Property particulars
Once you have instructed an estate agent, they will need to put together the property particulars. This will involve:

  1. Taking detailed measurements of each room in order to create a floorplan.
  2. Making notes of each room for the description.
  3. Photographing the exterior and interior of your property. In most cases they will arrange for a professional photographer to visit your house. Many estate agents now offer video tours for potential buyers to see round your property and get an idea if they are genuinely interested before viewing your home in person.  

You will be asked to approve the property particulars before your property is marketed. Don’t be afraid to ask for changes/additions if they have missed something in the description that you feel will entice potential buyers, or if you aren’t happy with one or more of the photographs.  

Receiving offers on your property can be a very exciting time, but it is always good to keep level-headed to make sure you get the right offer for you.

Considering the offer
It is normal practice for buyers to offer 5-10% less than the advertised asking price so don’t be surprised if initial offers are a little low.
There is no need to accept or reject an offer straightaway, it is perfectly normal to think things over for a day or two. You could even check local sold house prices to get an idea of what other properties in your area have gone for.
It is a good idea to find out from your estate agent the buyer’s position first before making any decisions as there are other important factors to keep in mind when deciding who to sell you house to. Here are three key questions to ask are:

What is the financial position of the potential buyer?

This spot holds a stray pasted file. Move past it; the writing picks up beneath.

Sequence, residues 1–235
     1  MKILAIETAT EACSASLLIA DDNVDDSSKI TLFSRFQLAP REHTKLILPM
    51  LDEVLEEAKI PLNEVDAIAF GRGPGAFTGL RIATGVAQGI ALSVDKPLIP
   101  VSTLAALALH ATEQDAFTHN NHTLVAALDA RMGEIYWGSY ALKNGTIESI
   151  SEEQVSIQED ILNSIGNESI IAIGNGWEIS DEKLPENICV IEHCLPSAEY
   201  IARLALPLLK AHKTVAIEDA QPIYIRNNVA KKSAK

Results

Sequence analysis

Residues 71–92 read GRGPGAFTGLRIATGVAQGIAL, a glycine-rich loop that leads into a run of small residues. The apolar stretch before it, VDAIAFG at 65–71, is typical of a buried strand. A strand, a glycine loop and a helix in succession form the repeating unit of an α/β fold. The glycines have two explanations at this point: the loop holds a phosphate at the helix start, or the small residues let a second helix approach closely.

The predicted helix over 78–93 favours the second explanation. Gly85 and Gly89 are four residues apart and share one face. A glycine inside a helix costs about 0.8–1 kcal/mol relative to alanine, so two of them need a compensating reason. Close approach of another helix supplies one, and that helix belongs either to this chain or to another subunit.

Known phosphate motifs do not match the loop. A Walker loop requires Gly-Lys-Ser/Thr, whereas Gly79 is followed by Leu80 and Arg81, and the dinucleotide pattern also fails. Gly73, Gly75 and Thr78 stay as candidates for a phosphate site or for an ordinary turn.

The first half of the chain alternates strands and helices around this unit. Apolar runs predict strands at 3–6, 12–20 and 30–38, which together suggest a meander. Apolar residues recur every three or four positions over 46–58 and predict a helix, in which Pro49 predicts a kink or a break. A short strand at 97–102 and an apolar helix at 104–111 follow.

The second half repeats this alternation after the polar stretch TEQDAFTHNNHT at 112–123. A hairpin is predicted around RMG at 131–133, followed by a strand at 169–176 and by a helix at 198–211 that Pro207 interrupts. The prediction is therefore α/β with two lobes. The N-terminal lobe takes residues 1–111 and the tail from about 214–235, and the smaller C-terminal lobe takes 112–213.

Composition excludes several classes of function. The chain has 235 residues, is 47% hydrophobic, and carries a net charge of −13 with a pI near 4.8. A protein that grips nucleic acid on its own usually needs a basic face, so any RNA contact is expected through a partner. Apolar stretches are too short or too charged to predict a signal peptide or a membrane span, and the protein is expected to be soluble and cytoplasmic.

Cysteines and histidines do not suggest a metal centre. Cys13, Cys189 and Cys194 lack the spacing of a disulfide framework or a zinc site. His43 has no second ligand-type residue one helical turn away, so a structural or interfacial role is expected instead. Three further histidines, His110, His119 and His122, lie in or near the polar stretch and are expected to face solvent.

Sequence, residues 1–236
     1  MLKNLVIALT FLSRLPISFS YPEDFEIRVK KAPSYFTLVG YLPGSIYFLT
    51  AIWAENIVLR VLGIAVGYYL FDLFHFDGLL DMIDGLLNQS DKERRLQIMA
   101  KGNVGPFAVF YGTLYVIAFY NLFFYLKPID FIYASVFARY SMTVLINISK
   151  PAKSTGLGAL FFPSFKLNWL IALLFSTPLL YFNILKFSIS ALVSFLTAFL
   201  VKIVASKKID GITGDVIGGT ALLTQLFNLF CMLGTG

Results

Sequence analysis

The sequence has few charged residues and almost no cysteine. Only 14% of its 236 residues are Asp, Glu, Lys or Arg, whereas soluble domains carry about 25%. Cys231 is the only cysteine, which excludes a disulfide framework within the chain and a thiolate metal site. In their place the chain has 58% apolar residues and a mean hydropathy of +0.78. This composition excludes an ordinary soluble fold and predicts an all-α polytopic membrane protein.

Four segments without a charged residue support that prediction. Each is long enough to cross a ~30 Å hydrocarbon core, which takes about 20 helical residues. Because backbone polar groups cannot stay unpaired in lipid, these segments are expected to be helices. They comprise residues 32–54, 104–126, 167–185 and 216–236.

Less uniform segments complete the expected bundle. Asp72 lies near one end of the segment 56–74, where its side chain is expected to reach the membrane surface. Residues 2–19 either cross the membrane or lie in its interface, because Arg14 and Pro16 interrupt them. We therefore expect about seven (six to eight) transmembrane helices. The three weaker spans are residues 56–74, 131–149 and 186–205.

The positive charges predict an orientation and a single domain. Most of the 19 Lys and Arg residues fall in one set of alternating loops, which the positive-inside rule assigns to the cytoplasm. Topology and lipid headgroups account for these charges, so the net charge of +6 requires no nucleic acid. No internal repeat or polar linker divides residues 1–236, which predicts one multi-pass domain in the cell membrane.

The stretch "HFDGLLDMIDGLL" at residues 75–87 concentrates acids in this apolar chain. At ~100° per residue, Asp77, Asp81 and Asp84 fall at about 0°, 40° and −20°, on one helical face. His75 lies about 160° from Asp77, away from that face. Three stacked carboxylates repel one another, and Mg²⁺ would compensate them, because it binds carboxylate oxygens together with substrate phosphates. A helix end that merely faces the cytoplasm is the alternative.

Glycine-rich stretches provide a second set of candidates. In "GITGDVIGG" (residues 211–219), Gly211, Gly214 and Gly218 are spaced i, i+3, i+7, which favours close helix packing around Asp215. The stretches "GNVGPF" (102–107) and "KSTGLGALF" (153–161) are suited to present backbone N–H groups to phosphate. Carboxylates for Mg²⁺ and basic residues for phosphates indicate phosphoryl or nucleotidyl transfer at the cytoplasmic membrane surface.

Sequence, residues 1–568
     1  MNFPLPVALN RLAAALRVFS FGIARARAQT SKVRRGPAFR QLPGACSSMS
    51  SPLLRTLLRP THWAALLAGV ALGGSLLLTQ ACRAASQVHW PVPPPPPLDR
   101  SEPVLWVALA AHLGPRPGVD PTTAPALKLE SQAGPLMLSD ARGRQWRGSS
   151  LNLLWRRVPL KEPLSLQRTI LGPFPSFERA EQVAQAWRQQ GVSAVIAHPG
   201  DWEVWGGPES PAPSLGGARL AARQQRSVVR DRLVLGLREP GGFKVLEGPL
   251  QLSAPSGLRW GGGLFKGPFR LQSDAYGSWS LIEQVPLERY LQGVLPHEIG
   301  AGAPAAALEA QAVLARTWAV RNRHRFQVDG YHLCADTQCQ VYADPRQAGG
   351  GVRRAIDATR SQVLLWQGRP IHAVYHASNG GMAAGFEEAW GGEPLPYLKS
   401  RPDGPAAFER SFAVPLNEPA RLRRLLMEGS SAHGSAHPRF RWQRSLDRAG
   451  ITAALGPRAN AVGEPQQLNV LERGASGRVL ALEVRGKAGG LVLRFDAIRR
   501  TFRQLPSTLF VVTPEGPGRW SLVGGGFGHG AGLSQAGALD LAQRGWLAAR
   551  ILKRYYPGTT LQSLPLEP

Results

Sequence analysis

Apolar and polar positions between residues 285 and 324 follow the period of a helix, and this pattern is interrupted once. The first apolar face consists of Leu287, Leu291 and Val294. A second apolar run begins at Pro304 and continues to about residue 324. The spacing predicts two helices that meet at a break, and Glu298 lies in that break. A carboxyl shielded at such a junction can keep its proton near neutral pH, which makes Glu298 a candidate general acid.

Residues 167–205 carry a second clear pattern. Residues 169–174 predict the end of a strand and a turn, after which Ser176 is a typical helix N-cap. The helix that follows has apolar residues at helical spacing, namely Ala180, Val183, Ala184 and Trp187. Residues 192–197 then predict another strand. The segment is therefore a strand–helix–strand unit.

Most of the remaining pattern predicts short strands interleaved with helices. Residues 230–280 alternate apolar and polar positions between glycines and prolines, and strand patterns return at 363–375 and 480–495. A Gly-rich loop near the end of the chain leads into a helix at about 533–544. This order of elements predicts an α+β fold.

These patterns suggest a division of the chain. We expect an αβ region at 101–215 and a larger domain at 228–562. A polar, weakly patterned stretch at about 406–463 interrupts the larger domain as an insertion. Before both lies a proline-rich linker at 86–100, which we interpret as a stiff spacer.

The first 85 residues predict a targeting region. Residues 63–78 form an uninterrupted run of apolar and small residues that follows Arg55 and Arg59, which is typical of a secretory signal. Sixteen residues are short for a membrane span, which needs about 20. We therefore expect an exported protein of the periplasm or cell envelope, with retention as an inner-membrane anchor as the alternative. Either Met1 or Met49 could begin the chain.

It is worth knowing what position the buyer is in. Find out whether the potential buyer has to sell a home in order to move, as this could delay speed of sale. If they are a cash buyer, this is often seen as a positive as it suggests a faster sale. If they are not a cash buyer and need a mortgage for the sale, it is worth asking whether they have a mortgage in principle approved. If you have offers that are quite similar in amounts, this information could be very useful.

What are your buyer’s timescales for moving?
Similar to the buyers financial position, it is good to get an idea of what sort of timescales the buyer is looking at in terms of completing the sale. Are they currently part of a chain? Depending on how big the chain is could add delay to completion. If the buyer is a cash-buyer of first-time buyer it might be worth asking how quickly they are looking to move and how flexible they are on a move date.

Also consider your own position
Do you have to move quickly in order to secure your next house? If so then you may be more interested in accepting an offer from buyers who are not part of a chain. If you are in no hurry to move, then you could hold out for a higher offer.
A buyer who is not part of a chain and who already has a mortgage approved is a more favourable purchaser than someone who needs to sell their own home in order to fund the purchase, and who hasn’t yet got a mortgage approved. Similar with a cash-buyer, as they have the money in the bank ready.
Discuss your considerations with your estate agent who are there to guide you.

Accepting the offer
If you do accept an offer it is usually ‘subject to contract’, which means as long as a survey doesn’t throw up any surprises, the buyer will most likely complete the sale. Offers will also only be made official once your estate agent can prove the buyer has the finances to purchase.
An accepted offer is not legally binding until contracts are exchanged. This means a buyer can back out of the sale at any point up until contracts are exchanged. This is also the same for the seller.

Here at B Estates we will assist you all the way in selling your property for the best price in the shortest time possible. Please feel free to contact us in order to make an appointment.